- Track number of proposals from RFP’s.
- Track number of orders from proposals.
- Track customer retention.
- The five- step process above is pretty straightforward. However, all sales KPI should start first with a review of past sales totals. In this case, you need to start by defining all five criteria moving forward in order to have the data you need to define future sales activities for each of your salespeople.
A company will start tracking these five criteria and then total up their sales in a given month and or quarter. With the total sales figures defined, and these five criteria filled out, the company can now go about tracking how its sales team is performing moving forward.
An example might include the following. A company’s sales for a given quarter were $50,000.00. In attaining this sales amount, the company found that each individual salesperson had to make 400 calls over the quarter in order to have 150 RFP’s initiated from customers. From those 150 RFP’s, each salesperson averaged 40 sales or orders. Finally, each salesperson was able to retain 10 clients from the business they closed.The company now knows how many future activities need to be done by each salesperson in order to duplicate the previous sales total of $50,000.00. They know the number of calls that need to be made in order to get the right amount of RFP’s, and they now know the expected sales closing rate for each salesperson, which is simply 40 orders closed out of 150 RFP’s, or 26.6%.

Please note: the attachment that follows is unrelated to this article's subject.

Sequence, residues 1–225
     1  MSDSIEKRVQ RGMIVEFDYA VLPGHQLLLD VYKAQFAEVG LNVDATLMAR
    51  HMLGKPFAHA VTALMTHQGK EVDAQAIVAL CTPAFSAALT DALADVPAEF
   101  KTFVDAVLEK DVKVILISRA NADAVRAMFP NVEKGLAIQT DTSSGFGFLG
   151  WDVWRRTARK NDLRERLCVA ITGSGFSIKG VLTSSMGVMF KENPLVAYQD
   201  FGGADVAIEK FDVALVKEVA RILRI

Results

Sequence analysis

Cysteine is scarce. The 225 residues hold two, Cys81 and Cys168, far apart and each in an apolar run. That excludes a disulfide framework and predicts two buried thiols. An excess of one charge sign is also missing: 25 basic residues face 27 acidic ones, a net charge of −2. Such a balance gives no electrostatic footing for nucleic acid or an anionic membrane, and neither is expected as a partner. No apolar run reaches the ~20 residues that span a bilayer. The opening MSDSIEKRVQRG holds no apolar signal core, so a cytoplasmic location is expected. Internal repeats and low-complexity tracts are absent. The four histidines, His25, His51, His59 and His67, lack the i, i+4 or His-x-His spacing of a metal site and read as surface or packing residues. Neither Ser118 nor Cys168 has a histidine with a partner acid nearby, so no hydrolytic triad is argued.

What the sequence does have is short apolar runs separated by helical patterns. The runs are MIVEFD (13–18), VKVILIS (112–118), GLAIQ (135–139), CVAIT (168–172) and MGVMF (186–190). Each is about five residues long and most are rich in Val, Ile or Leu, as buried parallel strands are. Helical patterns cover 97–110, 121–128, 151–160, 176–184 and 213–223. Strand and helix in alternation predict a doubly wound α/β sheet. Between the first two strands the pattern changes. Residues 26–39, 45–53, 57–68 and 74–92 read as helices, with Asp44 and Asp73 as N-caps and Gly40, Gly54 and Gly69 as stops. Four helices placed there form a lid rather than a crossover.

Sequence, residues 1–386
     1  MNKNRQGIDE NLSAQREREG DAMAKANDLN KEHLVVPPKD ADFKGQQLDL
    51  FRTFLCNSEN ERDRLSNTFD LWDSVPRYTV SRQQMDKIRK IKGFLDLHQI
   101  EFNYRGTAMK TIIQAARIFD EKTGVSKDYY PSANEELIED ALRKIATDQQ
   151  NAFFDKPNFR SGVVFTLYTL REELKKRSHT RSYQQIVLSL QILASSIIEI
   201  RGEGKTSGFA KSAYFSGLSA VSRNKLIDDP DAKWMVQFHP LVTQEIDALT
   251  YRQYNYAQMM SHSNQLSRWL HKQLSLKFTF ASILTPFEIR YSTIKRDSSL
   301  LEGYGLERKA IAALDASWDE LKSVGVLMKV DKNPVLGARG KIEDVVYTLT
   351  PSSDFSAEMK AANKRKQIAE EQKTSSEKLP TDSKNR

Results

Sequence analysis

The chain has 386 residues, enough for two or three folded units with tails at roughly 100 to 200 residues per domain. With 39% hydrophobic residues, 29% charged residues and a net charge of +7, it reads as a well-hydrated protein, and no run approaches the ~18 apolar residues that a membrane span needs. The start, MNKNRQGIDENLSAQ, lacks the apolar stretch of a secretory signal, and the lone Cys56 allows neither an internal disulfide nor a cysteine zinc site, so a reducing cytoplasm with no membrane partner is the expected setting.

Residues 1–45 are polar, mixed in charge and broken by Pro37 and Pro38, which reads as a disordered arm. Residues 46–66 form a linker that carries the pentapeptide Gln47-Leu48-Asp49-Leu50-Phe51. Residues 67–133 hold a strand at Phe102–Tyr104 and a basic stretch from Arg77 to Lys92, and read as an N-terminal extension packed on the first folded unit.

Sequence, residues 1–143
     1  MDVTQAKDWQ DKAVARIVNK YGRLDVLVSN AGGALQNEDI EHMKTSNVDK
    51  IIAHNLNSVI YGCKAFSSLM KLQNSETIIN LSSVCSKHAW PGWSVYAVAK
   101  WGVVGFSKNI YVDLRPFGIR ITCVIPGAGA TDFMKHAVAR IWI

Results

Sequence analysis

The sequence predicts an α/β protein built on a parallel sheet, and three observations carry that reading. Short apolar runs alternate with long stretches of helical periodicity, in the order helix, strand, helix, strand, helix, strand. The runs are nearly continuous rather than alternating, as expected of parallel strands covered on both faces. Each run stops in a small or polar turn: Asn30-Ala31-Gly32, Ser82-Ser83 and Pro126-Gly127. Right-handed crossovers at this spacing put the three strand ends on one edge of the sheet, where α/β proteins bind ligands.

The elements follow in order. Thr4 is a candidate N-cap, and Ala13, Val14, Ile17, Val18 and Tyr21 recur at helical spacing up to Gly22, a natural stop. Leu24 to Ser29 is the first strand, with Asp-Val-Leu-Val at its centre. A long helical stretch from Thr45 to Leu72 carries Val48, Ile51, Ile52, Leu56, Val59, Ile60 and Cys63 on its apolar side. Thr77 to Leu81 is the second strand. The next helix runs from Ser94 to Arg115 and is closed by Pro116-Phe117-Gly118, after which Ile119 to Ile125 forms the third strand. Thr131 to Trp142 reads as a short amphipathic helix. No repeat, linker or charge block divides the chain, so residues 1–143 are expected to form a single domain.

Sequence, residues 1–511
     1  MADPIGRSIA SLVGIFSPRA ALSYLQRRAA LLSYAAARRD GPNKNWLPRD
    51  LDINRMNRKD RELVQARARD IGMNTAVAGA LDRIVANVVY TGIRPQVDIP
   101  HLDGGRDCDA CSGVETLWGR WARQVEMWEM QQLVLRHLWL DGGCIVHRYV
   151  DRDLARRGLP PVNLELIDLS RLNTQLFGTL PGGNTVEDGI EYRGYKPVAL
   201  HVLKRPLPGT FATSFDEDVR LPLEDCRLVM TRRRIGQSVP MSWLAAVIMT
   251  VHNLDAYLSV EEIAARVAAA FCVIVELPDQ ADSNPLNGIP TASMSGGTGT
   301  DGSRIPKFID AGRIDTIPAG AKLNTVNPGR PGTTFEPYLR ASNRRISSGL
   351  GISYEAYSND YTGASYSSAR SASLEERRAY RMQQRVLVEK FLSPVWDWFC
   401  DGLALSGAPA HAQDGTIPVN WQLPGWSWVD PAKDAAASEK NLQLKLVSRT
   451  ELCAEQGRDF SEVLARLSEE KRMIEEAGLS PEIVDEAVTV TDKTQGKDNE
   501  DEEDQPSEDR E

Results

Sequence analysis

The company now knows how many future activities need to be done by each salesperson in order to duplicate the previous sales total of $50,000.00. They know the number of calls that need to be made in order to get the right amount of RFP’s, and they now know the expected sales closing rate for each salesperson, which is simply 40 orders closed out of 150 RFP’s, or 26.6%.
Call Quality (Long Sales Cycle Times)
So, what would the sales KPI look like for a company that operates with long sales cycle times, ones where the salesperson must be able to identify, negotiate and sell to multiple decision makers? Well, in this case, the sales KPI would be focused over the long term be it six months to one year. We’ll assume that with long sales cycle times, there must be multiple face-to-face customer visits where the salesperson must clearly define all the decision makers, roadblocks and customer concerns that stand in the way of closing a sale.
- Track number of calls within a quarter.
- Track number of face-to-face customer visits within a quarter.
- Track number of proposals submitted within a quarter.
- Define customer decision dates and track number of possible contracts.
- Track number of sales achieved correlating to sales cycle time (6 months to 1 year).
- Track number of renewed contracts (year-after-year).
- Obviously the KPI in the above table are based on long-term objectives, ones where the average sales cycle time is six months to one year. In this case, the company would measure its customer retention rate by the number of repeat customers on a year-to-year basis. Customer retention in this example might include tracking the number of supply contracts that are renewed by customers.
In the end, tracking your sales team’s performance comes down to using the right KPI for the right situation. Also, it’s important to note that all discussions should be quality discussions. You want your sales team to immediately identify the customer’s most pressing concerns and their reasons for making a purchase. With short sales cycle imes those decisions are made quickly. With long sales cycle times, those decisions involve multiple players and take longer to close.